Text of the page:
Inventorship is one of the key elements for a valid patent. A list of true inventors should be provided when filing a patent application. Otherwise, the patent application will likely be considered defective.
In China, the term “inventor” refers to “any person who makes creative contributions to the substantive features of an invention-creation” in accordance with Rule 13 of the Implementing Regulations of the Patent Law. In Hong Kong, Section 45(1) of the Patent Ordinance provides that the inventor or joint inventors of an invention shall have a right to be mentioned as such in any patent granted for the invention. Inventorship is rather easy to determine when it comes to a sole inventor who independently creates the whole invention by his own effort without the aid of others. However, in reality, the invention is very often made by a group of people who will form a joint inventorship. That means each of inventors has made certain degree of inventive contribution to the invention, no matter they physically work at the same place or not.
The determination of inventorship may be “case-specific”. Basically, one can be considered as an inventor if he or she has made an effort on the inventive aspect of the invention. In the US, generally speaking, the inventor is someone who contributes to at least one claim of the patent. Although the claim-based approach is not a fundamental definition of inventorship and does not stand on some occasions, it can still be used as a preliminary reference to decide whom the inventor is.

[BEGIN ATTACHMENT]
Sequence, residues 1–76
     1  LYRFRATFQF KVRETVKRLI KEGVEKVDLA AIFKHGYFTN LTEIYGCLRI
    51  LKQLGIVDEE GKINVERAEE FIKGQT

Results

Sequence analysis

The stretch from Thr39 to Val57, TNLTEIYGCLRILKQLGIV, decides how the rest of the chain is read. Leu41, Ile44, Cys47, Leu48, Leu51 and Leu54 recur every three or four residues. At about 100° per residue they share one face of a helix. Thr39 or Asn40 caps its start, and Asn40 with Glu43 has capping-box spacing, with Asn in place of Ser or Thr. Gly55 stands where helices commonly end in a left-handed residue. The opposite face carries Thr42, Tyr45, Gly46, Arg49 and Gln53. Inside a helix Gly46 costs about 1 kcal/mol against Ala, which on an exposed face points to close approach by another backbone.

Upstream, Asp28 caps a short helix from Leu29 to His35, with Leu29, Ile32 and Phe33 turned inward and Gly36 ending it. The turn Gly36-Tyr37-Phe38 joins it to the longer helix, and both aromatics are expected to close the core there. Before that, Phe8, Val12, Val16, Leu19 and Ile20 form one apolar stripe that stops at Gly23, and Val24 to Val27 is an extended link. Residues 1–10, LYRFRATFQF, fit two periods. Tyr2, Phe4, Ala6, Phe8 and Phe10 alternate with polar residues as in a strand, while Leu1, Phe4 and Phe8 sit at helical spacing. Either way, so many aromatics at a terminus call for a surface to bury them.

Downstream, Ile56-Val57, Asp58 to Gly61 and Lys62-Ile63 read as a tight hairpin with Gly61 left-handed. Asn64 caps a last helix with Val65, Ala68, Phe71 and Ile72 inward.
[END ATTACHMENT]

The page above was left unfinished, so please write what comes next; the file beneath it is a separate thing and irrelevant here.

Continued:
In some scenarios, applicants may improperly record wrong individuals as inventors in their patent applications. For instance, team supervisors, company directors, investors, technicians or those who merely give advice to the true inventors are often mistakenly added into the list of inventors to be recorded on a patent application. Furthermore, administrators in companies who merely provide directions of research and development are not regarded as inventors. Research technicians who merely assist in doing routine work are not considered as inventors either, even though they have put a substantive amount of effort into the invention.
It is worth noting that patent inventorship is not equivalent to patent ownership. Inventorship is to be determined and finalized at the very beginning of the patenting process, while patent ownership can be transferred at any time after a patent application is filed. In essence, being the inventor confers to ownership of his invention, but there are exceptions. A common exception is that the invention made by an employee in the context of employment should belong to the employer. Same logic applies when the employee made the invention by receiving technical and other forms of assistance from the employer. Nevertheless, it is recommended for the employer to arrange corresponding agreement or assignment to guarantee the ownership of the patent before any patent application. An incorrectly identified inventor or an omitted inventor may bring about some negative consequences and even invalidate the patent.
To avoid disputes arising from the ownership of a patent, concerned parties should take some time to identify and confirm the true inventors prior to filing of a patent application.